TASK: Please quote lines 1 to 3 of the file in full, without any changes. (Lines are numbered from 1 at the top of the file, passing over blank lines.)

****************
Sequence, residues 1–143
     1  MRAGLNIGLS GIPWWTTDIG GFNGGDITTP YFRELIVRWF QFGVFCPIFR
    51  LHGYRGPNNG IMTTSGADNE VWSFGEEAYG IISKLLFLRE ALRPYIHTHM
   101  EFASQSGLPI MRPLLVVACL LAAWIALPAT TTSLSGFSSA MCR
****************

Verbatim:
Sequence, residues 1–143
     1  MRAGLNIGLS GIPWWTTDIG GFNGGDITTP YFRELIVRWF QFGVFCPIFR
    51  LHGYRGPNNG IMTTSGADNE VWSFGEEAYG IISKLLFLRE ALRPYIHTHM